So. Inspiration came from David in about 5 seconds. The extrapolation of the implications of the thought came from both of us, I guess, and the persistence in doing it came from me, probably. I just wouldn't quit doing it, that I remember, and I was a really good writer. And the setting was important, too. Yale as incubator, bringing people together and seeing what would happen. 5% inspiration and 95% perspiration.
For that paper, we talked to each other about the different parts of the elephant we were feeling. It was a collaboration of two minds which couldn't have done it alone. He saw the practical and I saw the theory in the beginning, and then we batted it back and forth and each contributed. And then I went to Washington the next year and he went to the LBJ School of Public Policy in Austin and I don't think we've seen each other since, although we've talked once or twice and almost met up once a couple of years ago, but didn't.
So that's my little bit of inspiration and cooperation for this obscure pediatrician. But small as it is, it allows me to better appreciate the genius collaboration of Tversky and Kahneman over decades – decades! – of inspiration and perspiration in a way that revolutionized the way people looked at decision making. What a wonderful story! Smart, persistent, brave, insightful, and boy did they work hard. Nobel Prize, ladies and gentlemen, and well deserved.
But, on the other hand, there is Trivial Pursuit. And there is something we haven't mentioned, which is the arrogance of others, in this case, the field of economics and the participants therein. When Aaron Wildavsky, a political scientist and arguably a man of genius, established the Graduate School of Public Policy at Berkeley in 1970, his idea was that public policy had to be rescued from the economists, who threatened to take over the field. Wildavsky assembled a team of political science, sociology, organizational theory, and some other disciplines as well (not psychology, unfortunately, since Tversky and Kahneman came later), because he saw that public policy was an elephant and everyone who participated was blind and they needed each other. He was correct, but despite the success of GSPP and the establishment of dozens of schools of public policy in other universities since then, the economists are still insular, and they still threaten to take over public policy with their oracular pronouncements. Give them a hammer and they think everything is a nail, to cite yet another aphorism.
One of the biggest problems with economics, besides their arrogance, was their assumption of rationality. They thought they could quantitate decisions, and on the whole the human mind would follow their prescriptions of how thinking should go. 5% up should be equivalent to 5% down, for instance, although anyone who has any sensibility at all understands what Tversky and Kahneman laboriously proved, that the human mind experiences the pain of loss more sharply than the pleasure of gain. “They shouldn't,” argued the economists, because it should be equal. And they thought that pretty much everything came down to simple figures called utility, which was pretty much like money, and which could be made pretty simple by charts and graphs. Idiots.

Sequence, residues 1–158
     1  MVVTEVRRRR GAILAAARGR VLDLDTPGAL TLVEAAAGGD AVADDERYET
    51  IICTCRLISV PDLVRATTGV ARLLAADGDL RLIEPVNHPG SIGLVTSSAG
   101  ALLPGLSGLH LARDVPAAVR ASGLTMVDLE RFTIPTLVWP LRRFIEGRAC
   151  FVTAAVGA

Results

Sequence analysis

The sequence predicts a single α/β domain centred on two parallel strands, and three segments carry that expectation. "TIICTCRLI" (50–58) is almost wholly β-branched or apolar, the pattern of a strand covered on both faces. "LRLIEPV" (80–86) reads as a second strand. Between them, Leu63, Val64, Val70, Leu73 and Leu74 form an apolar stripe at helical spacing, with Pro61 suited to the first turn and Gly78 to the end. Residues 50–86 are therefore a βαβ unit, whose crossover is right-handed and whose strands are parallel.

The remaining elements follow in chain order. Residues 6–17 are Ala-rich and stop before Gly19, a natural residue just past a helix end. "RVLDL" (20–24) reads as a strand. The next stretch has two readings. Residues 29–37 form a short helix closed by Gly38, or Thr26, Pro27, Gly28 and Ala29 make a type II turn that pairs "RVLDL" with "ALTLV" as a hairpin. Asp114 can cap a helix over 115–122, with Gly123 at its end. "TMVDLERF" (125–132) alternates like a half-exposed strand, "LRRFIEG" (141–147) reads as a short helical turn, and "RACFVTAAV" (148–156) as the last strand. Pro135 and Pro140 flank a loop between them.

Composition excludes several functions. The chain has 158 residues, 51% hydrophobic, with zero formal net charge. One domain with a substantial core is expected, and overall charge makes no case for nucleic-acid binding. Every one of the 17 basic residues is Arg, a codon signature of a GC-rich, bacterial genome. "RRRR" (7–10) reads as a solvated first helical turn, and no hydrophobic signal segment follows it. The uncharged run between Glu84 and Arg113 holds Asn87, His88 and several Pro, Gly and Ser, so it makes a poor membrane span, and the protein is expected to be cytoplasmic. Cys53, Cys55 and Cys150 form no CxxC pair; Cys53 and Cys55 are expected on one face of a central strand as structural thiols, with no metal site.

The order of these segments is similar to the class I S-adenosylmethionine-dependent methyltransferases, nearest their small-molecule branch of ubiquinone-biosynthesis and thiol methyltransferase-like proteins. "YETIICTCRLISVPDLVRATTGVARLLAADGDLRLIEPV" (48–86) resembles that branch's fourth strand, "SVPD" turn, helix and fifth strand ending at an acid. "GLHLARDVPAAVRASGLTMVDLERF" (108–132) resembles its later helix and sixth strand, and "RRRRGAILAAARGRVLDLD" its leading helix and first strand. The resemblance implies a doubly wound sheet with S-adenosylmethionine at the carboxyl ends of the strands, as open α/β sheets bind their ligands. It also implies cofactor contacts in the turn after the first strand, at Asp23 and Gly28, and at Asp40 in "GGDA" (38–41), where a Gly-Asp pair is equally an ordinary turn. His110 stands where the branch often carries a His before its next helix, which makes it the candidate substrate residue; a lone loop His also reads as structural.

I say “any sensibility at all,” because I always felt, this obscure pediatrician in Berkeley, little me, I always saw the holes in the unfeeling armamentarium of economics theory. So when I read in Lewis that conferences between economists and psychologists “didn't go well,” because the economists were rude and arrogant and the psychologists retreated – well, no kidding, Dick Tracy, that was hard to predict. The genius of Tversky and Kahneman wasn't only the insight that they brought to what was really happening in these cases of cognition, the systematic biases that were introduced by humans thinking in heuristics, although that was of course the key cognitive advance. Their genius was finding ways to express it, proving it by experiments, persisting in publishing papers to a disbelieving profession which preferred to go one step at a time down the golden path toward professional advancement by accepting the current norms rather than introducing new thinking. Conformity is the way of the world, after all. Their genius was their bravery and persistence and immunity to the slings and arrows emanating from the established wrong, or at least incomplete, thinkers. Trivial Pursuit of persistence being the key. And ambition, let's not forget that. And belief in the possibility of recognition. And working together – they needed each other.
One of the biggest problems with arrogance, it seems, is that it violates the parable of the blind men and the elephant. Work together, even if it's hard. You have to listen to one another, because others really do have something to teach you. It's hard, because it's hard enough to follow your own thoughts, let alone follow someone else's. Tversky and Kahneman did that with each other, and then they invaded the turf of others and finally got others to incorporate what their perceptions were.
And have the economists learned? Oh, yes, they have learned. Now, they are crowing – see what we have done! We now have Behavioral Economics! We incorporate some of the psychology of people that we have discovered, and now we economists are more powerful than ever! What a hammer we have now! Listen to us! Follow what we say! Economics forever!
Pretty soon some of Tversky's aphorisms will be attributed to some economist. Watch for it. It's coming.

Budd Shenkin

No comments:

Post a Comment